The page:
Friday, June 29, 2007
Tuesday, June 26, 2007
Time, Love, Memory: A Great Biologist and His Quest for the Origins of Behavior about Seymour Benzer and his experiments with fruit flies is, among other things, a book about elegance. Benzer is a scientist, but his art is the ability to design extraordinarily elegant experiments. Benzer constructed 'fly mazes' which were rows of test tubes where flies could travel toward a light source or stay where they were. (Flies don't need complicated mazes--they're not complicated creatures.)
I would like to be the Seymour Benzer of writing exercises. (It is perhaps characteristic of me that I would seek to emulate people no one has ever heard of. When I was a kid and everyone else was wanting to be Joan Baez or Carol King, I wanted to be Marie Curie.) When I first started teaching, writing exercises didn't address my biggest problems with writing, and didn't seem to address the problems my students had. I read a book called Beat Not The Poor Desk and it had a writing assignment based on the concept of seed sentences. The student was to fill in the sentence, Was I was __________________; now I am ____________________. That 'seed sentence' was to form the basis of a personal essay. And it worked pretty good. Built into that sentence is the turn--like the turn at the end of a sonnet, another classic structure. And from that sentence, students who had been unable to write much sometimes ended up writing the first essay that fully engaged them and also engaged the reader. It was kind of magic.
I thought of it as the Surprised By Sin method of teaching. ('Surprised by sin' is from the literary theorist Stanley Fish and it describes how he thinks Paradise Lost works--that we get so caught up in the charisma of Satan that at a certain point we are seduced, and then suddenly we realize that we have been seduced and we are 'surprised by sin.' That the poem in fact induces us to fall into sin and then allows us redemption. I'm not convinced that Paradise Lost does that but what a nifty mechanism.) In my ideal world, as a teacher, I would give students writing exercises that were structured so that they allowed the student to be successful at techniques of fiction writing, and then to see themselves successful and to understand the technique by doing it. And in an ideal world, I would build exercises that illuminated p.o.v., voice, story structure, diction, dialogue, etc.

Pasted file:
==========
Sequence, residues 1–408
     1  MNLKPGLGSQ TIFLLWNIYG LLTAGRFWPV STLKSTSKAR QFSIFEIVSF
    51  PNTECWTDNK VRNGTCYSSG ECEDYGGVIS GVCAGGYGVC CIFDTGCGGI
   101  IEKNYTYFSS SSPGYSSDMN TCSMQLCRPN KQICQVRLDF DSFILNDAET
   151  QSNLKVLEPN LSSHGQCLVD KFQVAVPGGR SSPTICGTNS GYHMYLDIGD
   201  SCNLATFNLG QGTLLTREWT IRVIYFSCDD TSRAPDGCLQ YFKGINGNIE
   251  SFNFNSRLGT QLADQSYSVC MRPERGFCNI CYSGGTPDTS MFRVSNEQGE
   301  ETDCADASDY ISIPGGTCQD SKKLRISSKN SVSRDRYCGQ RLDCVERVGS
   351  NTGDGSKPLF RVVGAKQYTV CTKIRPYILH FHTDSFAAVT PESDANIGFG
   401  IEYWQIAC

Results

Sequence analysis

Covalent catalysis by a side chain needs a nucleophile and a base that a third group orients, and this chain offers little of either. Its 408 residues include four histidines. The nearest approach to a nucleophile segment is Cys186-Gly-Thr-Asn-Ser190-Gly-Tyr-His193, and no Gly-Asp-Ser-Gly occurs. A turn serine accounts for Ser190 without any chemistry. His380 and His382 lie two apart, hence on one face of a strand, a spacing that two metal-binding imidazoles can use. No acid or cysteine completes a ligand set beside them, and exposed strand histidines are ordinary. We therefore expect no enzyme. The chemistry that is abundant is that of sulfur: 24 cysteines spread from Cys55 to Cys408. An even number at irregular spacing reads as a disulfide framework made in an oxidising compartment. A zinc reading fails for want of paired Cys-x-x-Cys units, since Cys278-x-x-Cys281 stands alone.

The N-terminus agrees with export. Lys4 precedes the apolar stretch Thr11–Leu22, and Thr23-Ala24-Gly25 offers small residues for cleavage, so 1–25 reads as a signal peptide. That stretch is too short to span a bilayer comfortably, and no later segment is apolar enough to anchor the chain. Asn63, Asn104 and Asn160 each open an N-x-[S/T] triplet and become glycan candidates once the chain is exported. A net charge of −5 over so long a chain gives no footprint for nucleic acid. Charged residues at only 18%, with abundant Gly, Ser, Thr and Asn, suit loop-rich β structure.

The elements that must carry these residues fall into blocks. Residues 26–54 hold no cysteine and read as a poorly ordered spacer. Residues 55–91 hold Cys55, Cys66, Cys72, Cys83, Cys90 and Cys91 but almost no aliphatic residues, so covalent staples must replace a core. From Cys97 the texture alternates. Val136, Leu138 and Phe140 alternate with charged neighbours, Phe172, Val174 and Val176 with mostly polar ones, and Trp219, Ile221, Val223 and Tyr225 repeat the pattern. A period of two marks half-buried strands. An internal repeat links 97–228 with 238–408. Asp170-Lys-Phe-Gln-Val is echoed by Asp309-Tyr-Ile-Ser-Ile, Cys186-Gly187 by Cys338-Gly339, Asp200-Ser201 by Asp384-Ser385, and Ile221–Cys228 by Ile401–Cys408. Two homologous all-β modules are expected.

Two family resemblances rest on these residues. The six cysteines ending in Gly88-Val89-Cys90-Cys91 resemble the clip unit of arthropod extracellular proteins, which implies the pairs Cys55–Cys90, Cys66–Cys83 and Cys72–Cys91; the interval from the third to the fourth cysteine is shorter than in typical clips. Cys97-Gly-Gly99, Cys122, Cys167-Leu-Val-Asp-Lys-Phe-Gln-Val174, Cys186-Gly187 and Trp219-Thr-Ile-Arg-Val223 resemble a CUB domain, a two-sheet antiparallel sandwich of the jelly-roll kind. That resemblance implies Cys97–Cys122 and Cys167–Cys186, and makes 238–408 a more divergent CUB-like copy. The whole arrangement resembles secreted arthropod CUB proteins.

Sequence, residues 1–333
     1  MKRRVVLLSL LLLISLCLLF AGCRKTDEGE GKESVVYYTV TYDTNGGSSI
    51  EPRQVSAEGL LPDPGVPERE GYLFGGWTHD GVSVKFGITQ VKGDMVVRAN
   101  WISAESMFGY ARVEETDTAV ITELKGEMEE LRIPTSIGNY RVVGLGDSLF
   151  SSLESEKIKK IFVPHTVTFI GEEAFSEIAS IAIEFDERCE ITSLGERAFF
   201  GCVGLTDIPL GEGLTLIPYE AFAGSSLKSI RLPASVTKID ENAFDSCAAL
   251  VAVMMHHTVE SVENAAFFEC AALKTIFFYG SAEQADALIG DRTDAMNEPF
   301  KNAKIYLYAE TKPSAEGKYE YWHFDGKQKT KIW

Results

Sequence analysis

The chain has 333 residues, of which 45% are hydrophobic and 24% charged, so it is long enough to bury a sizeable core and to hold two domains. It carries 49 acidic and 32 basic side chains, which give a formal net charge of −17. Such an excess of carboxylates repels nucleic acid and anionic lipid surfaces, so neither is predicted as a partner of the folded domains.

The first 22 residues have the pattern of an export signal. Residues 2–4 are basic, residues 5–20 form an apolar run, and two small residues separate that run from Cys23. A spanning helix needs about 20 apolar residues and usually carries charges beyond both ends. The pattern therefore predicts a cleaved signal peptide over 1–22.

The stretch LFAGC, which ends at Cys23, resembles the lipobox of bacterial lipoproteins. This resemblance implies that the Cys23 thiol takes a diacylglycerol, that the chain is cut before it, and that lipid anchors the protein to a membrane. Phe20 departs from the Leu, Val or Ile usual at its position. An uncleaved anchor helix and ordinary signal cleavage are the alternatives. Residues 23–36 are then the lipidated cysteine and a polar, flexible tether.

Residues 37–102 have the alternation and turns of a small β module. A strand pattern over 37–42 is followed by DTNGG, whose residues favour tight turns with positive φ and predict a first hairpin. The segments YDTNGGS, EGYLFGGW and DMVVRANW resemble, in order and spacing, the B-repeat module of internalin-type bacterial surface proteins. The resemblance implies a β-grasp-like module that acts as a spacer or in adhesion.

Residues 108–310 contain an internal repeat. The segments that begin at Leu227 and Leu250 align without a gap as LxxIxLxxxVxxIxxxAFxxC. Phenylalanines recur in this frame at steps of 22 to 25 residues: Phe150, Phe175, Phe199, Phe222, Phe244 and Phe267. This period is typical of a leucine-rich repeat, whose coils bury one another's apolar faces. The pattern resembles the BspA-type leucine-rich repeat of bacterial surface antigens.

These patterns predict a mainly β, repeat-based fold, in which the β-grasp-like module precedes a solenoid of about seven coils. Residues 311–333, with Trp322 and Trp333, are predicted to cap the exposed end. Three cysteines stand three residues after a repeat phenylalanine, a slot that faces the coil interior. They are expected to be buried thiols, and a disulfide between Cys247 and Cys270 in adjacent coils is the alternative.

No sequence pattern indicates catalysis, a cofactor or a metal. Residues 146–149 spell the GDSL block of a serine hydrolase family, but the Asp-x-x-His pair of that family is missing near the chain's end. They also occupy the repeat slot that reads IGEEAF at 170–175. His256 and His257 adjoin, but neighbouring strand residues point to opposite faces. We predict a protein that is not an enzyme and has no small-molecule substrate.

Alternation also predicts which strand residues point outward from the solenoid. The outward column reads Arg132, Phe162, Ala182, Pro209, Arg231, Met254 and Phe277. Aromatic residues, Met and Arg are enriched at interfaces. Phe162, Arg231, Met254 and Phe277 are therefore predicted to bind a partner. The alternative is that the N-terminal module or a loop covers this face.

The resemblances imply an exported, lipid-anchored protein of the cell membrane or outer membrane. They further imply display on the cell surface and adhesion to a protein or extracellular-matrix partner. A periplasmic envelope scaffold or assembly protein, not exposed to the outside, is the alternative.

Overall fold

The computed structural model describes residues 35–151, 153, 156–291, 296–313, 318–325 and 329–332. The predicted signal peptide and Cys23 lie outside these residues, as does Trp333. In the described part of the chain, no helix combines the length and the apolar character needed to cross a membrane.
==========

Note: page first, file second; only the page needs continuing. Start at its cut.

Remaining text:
The nice thing about writing exercises is that, unlike Stanley Benzer's work with fruit flies, they are not subject to verification. No one can test my exercises empirically, which means I can tell myself that they work the way I think they do. I'm pretty sure they aren't really as effective as I think they are. I'm also pretty sure that just as Ursula LeGuin's diction exercises don't address issues that are central to me, my exercises don't necessarily address issues that are central to most other writers. Writers work in different ways, and have different issues, and know different things, so I suspect even if my exercises address the issues I want them to, they may only help a minority of students.
They help me, if only because they give me a working hypothesis about how certain kinds of fiction works.
I'm thinking that I need to figure out something about endings. Right now I'm thinking about how to structure a writing exercise that backs me (and students) into effective endings.
Sunday, June 24, 2007
Point of View
I've got a great p.o.v. exercise, Leslie. (The picture at left is a completely gratuitous picture that illustrates nothing except how you might not want to pay attention to my advice.)
I start by telling them that I need a name for a four year old. When they give me the name (let's say for example, they say 'Oswald') I tell them, 'Okay, Oswald is cold. I want you to write a paragraph about Oswald in which it is clear he is cold, but you never say he's cold. Show me by what he does and where he is that he's cold.'
1. (3rd person) They write that paragraph (I often do it as a timed writing exercise, they have three minutes and they have to keep writing that entire three minutes even if they're just writing I can't think of what to write or I wish this bitch would drop dead. I will not take up what they write. I explain all this, even the part about wishing the bitch who assigned this exercise was dead.) Afterwards, if people want to share, they can share outloud. We talk about what they did--good details, that sort of thing.
Almost always, they have written this paragraph in third person.
2. (1st person) Then they have to take that paragraph and put it in first person, using the vocabulary of a four year old. Again, the three minute thing. Again, we share, if people want to.